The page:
Does Methodology Matter? Adolescent Reporting of Sexual Behaviors in a Randomized Trial in Urban India

Jaya Jaya, Johns Hopkins Bloomberg School of Public Health

Adolescents often have difficulty reporting sexual behaviors on standard face-to-face interviews, particularly in socially conservative settings. Audio Computer Assisted Self Interview (ACASI) has been suggested to improve reporting of sensitive behaviors; however, ACASI has not been well tested among less educated adolescents in developing countries. We compare face-to-face interviews, ACASI and culturally appropriate interactive interviews in a randomized crossover trial with a matched pair design. 583 boys and 475 girls, ages 15-19, in four slums in Delhi, India, received two survey methods in random order. Each had a face-to-face interview and either ACASI or interactive interview. On interactive, 28% of boys and 7% of girls reported sexual intercourse while 20% of boys and 2% of girls reported having sex on face-to-face. We find that ACASI does not consistently lead to higher reporting; however the culturally appropriate interactive methodology led to more reports across a range of sensitive behaviors for both boys and girls. (153 words)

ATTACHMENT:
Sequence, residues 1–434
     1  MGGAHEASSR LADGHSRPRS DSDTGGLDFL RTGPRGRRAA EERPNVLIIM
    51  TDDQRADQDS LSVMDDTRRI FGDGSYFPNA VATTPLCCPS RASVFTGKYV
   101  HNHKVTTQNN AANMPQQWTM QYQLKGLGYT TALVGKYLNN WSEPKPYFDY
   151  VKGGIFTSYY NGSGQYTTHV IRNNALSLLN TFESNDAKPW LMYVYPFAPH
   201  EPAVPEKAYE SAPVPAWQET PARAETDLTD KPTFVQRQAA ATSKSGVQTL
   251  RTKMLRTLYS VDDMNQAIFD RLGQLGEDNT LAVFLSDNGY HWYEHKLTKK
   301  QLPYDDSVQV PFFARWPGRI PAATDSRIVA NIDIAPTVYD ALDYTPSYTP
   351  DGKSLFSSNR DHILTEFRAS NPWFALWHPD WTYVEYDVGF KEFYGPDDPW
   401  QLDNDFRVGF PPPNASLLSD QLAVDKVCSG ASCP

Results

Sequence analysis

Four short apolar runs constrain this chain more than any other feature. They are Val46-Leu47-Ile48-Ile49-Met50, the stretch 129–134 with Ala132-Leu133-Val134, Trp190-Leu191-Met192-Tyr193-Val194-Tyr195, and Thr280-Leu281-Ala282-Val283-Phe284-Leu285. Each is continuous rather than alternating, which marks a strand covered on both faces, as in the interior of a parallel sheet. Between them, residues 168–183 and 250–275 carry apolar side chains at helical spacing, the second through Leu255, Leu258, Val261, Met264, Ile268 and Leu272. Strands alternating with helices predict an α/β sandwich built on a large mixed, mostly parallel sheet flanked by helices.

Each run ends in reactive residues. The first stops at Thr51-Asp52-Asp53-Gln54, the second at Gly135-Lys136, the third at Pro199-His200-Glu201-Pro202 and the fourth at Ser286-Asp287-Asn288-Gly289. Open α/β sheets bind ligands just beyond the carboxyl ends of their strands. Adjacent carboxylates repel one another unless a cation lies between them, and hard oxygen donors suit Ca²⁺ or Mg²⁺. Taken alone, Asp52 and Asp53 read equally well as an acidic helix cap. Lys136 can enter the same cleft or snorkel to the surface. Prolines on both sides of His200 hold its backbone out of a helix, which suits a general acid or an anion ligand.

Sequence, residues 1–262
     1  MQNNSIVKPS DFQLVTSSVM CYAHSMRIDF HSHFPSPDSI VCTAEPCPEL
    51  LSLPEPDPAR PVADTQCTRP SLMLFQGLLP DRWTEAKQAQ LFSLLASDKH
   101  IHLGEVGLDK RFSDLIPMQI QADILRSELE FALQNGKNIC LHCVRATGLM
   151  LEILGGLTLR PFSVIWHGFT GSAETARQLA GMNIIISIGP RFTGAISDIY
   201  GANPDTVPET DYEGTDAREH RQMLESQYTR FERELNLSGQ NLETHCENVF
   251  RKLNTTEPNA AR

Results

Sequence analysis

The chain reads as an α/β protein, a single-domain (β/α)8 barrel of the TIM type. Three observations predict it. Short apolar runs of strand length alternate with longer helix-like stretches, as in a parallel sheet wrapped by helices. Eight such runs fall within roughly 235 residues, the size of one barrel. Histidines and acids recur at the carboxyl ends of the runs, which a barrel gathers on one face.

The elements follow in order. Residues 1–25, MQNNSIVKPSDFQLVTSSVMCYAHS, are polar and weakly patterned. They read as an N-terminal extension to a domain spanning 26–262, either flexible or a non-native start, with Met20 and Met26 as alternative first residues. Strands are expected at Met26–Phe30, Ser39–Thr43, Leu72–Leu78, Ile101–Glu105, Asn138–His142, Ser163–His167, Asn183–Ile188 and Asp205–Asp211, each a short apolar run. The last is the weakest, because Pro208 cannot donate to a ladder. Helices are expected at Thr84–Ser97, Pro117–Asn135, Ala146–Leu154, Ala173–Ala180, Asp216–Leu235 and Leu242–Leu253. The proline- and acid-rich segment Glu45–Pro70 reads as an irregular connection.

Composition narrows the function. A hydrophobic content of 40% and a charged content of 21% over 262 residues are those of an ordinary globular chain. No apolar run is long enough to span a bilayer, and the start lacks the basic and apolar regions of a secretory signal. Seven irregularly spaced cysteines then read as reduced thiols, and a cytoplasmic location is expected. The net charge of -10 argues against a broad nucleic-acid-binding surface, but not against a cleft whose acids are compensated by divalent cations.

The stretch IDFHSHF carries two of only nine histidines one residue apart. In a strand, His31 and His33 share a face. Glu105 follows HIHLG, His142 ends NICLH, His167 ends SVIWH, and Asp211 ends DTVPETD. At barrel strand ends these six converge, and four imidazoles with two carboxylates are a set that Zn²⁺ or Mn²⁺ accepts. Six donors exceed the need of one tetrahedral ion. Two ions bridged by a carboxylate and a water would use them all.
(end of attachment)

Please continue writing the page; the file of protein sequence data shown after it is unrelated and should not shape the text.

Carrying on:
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Presented in Poster Session 2: Family, Households, Unions; Data, Methods, Study Design